Explained: The support available for SMEs affected by flooding

flooding-support-available floods

Source: Unsplash/Chris Gallagher.

This article was updated on March 3 at 10.50am, to add additional support measures that became available, and on March 7 at midday to add a link to our article on the $50,000 grants available to small businesses.

As devastating rains continue in Queensland and New South Wales, small businesses in the region find themselves facing yet another crisis and in need of support.

Meanwhile, Defence Minister Peter Dutton has attracted ridicule after launching a GoFundMe page to raise money for a flood affected community in his electorate.

While he promised “every dollar” would go directly to residents and businesses, Twitter commentators — rather predictably — questioned whether this shouldn’t be the very role of the government.

Here is some of the actual government support available to flood affected businesses.

Grant funding for small businesses

Joint-funded packages from the state and federal governments are offering grant funding of up to $50,000 for small businesses affected by the flood in New South Wales and Queensland.

The packages also offer up to $75,000 for primary producers.

Read our full article available on these packages, including who’s eligible and how to apply, here.

Federal government Disaster Recovery Allowance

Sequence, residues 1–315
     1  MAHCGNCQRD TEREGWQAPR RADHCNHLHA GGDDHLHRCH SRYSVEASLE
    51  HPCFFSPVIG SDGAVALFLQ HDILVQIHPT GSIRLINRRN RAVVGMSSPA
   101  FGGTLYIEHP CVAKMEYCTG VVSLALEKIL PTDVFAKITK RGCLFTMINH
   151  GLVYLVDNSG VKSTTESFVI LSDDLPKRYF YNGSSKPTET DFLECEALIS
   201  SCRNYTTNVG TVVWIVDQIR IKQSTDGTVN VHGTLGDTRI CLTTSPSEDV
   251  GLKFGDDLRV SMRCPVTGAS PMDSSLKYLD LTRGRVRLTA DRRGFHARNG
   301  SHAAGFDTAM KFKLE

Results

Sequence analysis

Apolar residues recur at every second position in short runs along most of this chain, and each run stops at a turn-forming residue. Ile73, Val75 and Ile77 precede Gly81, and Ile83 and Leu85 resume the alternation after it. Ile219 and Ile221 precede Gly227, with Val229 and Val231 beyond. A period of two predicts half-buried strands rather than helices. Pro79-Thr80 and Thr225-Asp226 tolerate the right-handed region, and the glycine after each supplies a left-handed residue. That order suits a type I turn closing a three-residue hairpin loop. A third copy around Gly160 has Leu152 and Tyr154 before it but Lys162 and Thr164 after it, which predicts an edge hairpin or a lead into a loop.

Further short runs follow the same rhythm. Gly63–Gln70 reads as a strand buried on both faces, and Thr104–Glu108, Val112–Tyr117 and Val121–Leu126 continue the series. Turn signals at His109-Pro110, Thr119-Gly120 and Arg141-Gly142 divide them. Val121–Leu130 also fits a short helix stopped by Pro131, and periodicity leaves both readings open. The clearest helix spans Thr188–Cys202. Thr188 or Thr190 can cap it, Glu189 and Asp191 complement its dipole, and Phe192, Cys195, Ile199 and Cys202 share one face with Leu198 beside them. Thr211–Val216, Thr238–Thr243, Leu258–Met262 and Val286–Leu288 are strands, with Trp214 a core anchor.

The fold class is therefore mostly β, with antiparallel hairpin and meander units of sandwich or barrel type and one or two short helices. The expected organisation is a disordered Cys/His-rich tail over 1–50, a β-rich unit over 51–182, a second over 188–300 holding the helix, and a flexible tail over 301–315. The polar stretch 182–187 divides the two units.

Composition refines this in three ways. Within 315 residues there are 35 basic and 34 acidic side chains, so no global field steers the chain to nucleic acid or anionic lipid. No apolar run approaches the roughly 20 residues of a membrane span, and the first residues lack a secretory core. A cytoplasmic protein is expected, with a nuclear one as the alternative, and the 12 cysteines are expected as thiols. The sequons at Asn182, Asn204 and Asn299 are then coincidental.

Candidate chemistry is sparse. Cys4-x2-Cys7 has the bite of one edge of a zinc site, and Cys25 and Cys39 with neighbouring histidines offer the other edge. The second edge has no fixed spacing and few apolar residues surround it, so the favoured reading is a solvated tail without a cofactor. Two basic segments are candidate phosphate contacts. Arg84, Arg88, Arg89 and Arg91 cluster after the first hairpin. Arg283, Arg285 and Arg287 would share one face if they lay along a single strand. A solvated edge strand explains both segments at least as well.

As well as offering disaster recovery payments of $1,000 per eligible adult and $400 per eligible child, the federal government has announced a Disaster Recovery Allowance for employees, small business owners and farmers who have suffered a loss of income due to the floods.

The allowance will provide workers and business owners with payments for up to 13 weeks, from the date of loss of income.

Payments are set at a maximum rate equivalent to Jobseeker or Youth Allowance payments, depending on circumstances, and will be taxable.

This support is available for people in 26 affected local government areas.

In Queensland: Brisbane, Fraser Coast, Gold Coast, Gympie, Ipswich, Lockyer Valley, Logan, Moreton Bay, Noosa, North Burnett, Redland, Scenic Rim, Somerset, South Burnett, Southern Downs, Sunshine Coast and Toowoomba.

In New South Wales: Ballina, Bellingen, Byron, Clarence Valley, Coffs Harbour, Kyogle, Lismore, Richmond Valley and Tweed.

Eligible residents can claim this support via myGov or by calling Services Australia on 180 22 66.

Find out more about how to apply here.

Support for businesses in Queensland

Disaster Recovery Funding Arrangements, which are activated for individual council areas in case of emergency, have been made available in 13 local government areas in Western Queensland, and 17 in southeast Queensland.

These areas are: Barcoo, Boulia, Bulloo, Burke, Cloncurry, Diamantina, Flinders, Longreach, McKinlay, Mount Isa, Paroo, Quilpie, Winton, Brisbane, Fraser Coast, Gold Coast, Gympie, Ipswich, Lockyer Valley, Logan, Moreton Bay, Noosa, North Burnett, Redland, Scenic Rim, Somerset, South Burnett, Southern Downs, Sunshine Coast and Toowoomba.

Disaster Assistance Loans

Under the DRFA, affected businesses can access a Disaster Assistance Loan of up to $250,000 over up to 10 years.